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Annio Mantio Torquato Severino Boethius, also known as Anitius Manlius Torquatus Severinus Boethius, was born in Rome from about 430 BC to 800 BC. He was from a noble family, studied in the Greek East, not knowing whether in Athens or Alexandria. He was a statesman and philosopher, translator, commentator, and author of books on mathematics, music, theology, and Roman man of state (consul and senator), considered the chief mathematical author of ancient Rome.
He wrote textbooks, all in Latin, on arithmetic, geometry, astronomy, and music, widely used in middle-age schools. These texts were characterized by a philosophical approach to each subject and its applicability.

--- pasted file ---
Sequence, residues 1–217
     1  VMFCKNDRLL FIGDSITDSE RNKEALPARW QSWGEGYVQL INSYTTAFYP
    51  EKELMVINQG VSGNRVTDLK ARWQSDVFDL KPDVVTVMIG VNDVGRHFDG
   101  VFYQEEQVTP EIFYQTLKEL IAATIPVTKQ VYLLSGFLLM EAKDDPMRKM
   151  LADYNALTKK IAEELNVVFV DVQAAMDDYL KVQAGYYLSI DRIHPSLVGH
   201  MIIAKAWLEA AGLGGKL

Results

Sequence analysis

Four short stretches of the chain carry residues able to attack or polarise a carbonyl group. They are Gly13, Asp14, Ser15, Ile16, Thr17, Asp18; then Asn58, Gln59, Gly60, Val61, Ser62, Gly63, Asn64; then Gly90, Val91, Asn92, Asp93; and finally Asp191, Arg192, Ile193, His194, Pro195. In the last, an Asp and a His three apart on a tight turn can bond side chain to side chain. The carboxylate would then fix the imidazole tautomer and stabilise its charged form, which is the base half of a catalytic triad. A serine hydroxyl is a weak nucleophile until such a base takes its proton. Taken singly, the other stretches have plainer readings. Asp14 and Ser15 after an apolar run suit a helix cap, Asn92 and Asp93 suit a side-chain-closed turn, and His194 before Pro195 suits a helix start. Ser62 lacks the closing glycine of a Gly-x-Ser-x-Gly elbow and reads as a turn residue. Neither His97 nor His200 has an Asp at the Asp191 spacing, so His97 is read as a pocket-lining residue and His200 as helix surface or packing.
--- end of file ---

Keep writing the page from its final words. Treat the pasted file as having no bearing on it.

He was a translator of Plato and Aristotle. He had a great influence on Thomas Aquinas, which is based on his theological work. From Trinitate to distinguish genus from species and to establish the concept of "person". Two centuries later, in 725 BC, King Luitprand ordered his body to be taken to the church of St. Peter in Padua, where he became the subject of true worship.
He was also a Latin-speaking philosopher, the last of the Roman patristic and the first of the scholastics, with remarkable influence on the formation of Western theological and philosophical thought. Latin literature flourished with him and Cassiodorus, who served as a bridge between classical culture and the early Middle Ages.